“Shock value for its own sake isn’t interesting, if it’s even possible to conjure it post-Information Age. However, I do look to inject a certain level of visual immediacy within the work to engage the viewer in a dialogue around the nature of imaging making. This links back to the idea of the primal or carnal. Food, sex, and death are staple subjects within art history but are also categorised as our most primitive drives. In contrast, art itself is often viewed as almost synonymous with developed civilisation, as the antithesis of our primal nature. This separation of human behaviour strikes me as an illusion, so an uneasy relationship between art and nature runs through the work. I set out to use the language of image-making iconoclastically; to deconstruct itself.
The images hopefully work to seduce the viewer with what they may normally find objectionable; blurring the line between observation and voyeurism. Dead animals, morally ambiguous scenes of sex and gluttony; they are looking to trigger a morbid curiosity and a tension between desires and internalised ideals. This is where the environment, lighting, and installation of the work comes into play. The lighting, both within the image, and of the image itself (they are often spot lit in dark rooms), directs the viewer where to look, encouraging a peep-show-like spectacle of voyeurism.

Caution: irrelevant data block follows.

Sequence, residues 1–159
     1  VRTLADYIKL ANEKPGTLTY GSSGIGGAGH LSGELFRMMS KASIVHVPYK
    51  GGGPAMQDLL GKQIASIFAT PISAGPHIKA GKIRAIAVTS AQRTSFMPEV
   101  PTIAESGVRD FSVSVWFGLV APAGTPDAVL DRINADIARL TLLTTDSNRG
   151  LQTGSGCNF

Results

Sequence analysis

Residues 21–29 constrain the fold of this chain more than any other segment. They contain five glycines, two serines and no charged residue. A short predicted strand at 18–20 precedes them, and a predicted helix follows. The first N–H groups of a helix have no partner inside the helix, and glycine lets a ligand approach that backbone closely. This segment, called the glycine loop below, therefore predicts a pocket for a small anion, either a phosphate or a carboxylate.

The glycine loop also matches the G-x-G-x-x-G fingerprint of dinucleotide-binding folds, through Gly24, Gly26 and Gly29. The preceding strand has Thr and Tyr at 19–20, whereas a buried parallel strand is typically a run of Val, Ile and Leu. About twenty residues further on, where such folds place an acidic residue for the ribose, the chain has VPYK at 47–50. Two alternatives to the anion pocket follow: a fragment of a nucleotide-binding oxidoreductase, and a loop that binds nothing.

The triggering of uncanniness within the work is used to shed some light on the illusory nature of our relationship with imagery. I’m drawn to digital mediums because they lend themselves well to dealing with ideas around illusion, artifice, and the re-presentation of nature within art; they serve as tools within the work to address our vulnerability to the power of images.”
Check out the work of Theo Ellison in an interview I did for Floor Magazine. Theo creates images which are simultaneously unsettling and alluring. Find out more by reading the full interview here;
Top image: After Zuburan ©Theo Ellison